UC Hosts Sept. 29 Reception for Choose Ohio First Scholarship Recipients

A reception to recognize the STEMM Fellows and all of UC’s Choose Ohio First Scholarship recipients will be held from 3-5 p.m., Tuesday, Sept. 29, in the Great Hall of Tangeman University Center.  The reception will include a 4 p.m. address from Anthony J. Perzigian, UC senior vice president and provost.

Other UC Choose Ohio First Scholarship Programs Beginning This Fall

Coming Out of the Pipeline: The UC Interdisciplinary Pathway to STEMM Professionals
UC, in partnership with more than 500 businesses around Ohio including P&G, General Electric, Duke Energy and Ethicon, is creating interdisciplinary, experiential learning opportunities for graduates and undergraduates awarded scholarships through this program. Ohio businesses will serve as partners for students with interests in medical device innovation, global product design and the neurosciences. The program recruits graduate and undergraduate students and was awarded $3,082,500 in Choose Ohio First funding. The scholarships, renewable annually, amount to $4,500 per academic year. Undergraduates are awarded $1,500 per academic quarter around their cooperative education experiences, when they are alternating classroom study with paid work experiences. The program awards juniors, seniors and graduate students. The program has awarded 41 graduate students and six undergraduate students.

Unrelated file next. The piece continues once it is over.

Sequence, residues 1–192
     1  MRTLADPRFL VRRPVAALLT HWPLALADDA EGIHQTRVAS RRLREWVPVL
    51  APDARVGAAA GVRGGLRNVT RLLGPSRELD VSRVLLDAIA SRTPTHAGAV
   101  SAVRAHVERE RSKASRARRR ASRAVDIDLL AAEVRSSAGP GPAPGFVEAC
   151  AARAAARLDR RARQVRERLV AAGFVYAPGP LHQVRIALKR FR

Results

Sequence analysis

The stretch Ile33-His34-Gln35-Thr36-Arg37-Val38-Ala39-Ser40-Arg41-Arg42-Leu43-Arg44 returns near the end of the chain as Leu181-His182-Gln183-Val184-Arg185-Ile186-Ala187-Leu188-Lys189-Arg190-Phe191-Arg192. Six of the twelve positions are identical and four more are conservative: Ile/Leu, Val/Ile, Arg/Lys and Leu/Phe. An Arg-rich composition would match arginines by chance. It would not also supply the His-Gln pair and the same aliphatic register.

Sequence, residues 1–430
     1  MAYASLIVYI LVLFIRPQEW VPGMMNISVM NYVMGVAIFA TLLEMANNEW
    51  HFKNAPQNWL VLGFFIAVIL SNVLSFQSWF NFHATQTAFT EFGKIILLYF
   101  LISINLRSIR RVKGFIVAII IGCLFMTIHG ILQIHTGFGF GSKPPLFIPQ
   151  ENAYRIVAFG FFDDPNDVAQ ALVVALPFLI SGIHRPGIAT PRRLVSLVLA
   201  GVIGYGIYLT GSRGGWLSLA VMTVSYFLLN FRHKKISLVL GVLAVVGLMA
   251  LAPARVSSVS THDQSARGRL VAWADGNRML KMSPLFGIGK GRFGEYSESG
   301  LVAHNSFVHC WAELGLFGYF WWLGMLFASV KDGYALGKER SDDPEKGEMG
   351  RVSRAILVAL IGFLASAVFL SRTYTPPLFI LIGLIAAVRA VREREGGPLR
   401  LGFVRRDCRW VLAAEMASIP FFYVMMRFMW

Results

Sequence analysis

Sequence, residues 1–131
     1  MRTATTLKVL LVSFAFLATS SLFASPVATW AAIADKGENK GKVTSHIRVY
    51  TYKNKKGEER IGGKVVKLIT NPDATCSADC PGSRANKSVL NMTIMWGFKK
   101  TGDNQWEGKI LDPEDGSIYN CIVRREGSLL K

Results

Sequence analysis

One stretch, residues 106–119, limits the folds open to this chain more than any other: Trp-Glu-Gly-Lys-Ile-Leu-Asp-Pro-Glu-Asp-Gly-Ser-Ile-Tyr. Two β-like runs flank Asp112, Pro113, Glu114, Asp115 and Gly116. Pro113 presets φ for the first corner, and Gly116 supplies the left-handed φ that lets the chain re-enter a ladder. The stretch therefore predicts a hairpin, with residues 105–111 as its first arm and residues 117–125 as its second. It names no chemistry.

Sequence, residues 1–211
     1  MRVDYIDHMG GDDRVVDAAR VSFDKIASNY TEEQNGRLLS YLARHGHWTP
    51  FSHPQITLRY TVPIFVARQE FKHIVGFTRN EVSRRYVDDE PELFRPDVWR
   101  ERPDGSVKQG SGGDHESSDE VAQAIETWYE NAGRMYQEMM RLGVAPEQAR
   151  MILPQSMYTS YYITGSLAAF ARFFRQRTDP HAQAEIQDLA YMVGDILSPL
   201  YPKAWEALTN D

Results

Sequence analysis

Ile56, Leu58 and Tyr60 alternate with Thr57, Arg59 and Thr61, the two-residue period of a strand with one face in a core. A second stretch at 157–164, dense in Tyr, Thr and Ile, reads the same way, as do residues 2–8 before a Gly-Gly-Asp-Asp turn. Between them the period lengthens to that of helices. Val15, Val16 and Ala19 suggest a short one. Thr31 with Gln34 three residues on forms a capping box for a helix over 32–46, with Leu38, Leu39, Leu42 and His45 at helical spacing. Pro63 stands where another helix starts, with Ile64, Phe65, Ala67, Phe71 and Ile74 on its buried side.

Diversifying Yield and Retention in Engineering, Mathematics and Science
This program, awarded $4,268,964 in Choose Ohio First funding, aims to increase by 20 percent the number of freshmen entering math and science disciplines in A&S, with targeted increases in the percentages of women and underrepresented minorities in both engineering and A&S STEMM disciplines. The scholarships serve underrepresented freshmen including minorities, first-generation college students and women. The scholarship is for qualifying freshmen entering the College of Engineering and the McMicken College of Arts and Sciences and can also serve students transitioning to the Uptown Campus from Raymond Walters College, Clermont College, Cincinnati State Technical and Community College and Sinclair Community College. Students will gain strength in the STEMM fields through UC’s cooperative education experience, summer bridge program and structured support for freshmen and sophomores as well as mentoring and undergraduate research opportunities. The scholarships, renewable annually, amount to $4,100 per academic year. The program has awarded scholarships to 91 students.

UC Colleges represented by Choose Ohio First Scholarships: CECH; College of Design, Architecture, Art, and Planning (DAAP); College of Engineering; and McMicken College of Arts & Sciences (A&S)

Choose Ohio First Scholarship Information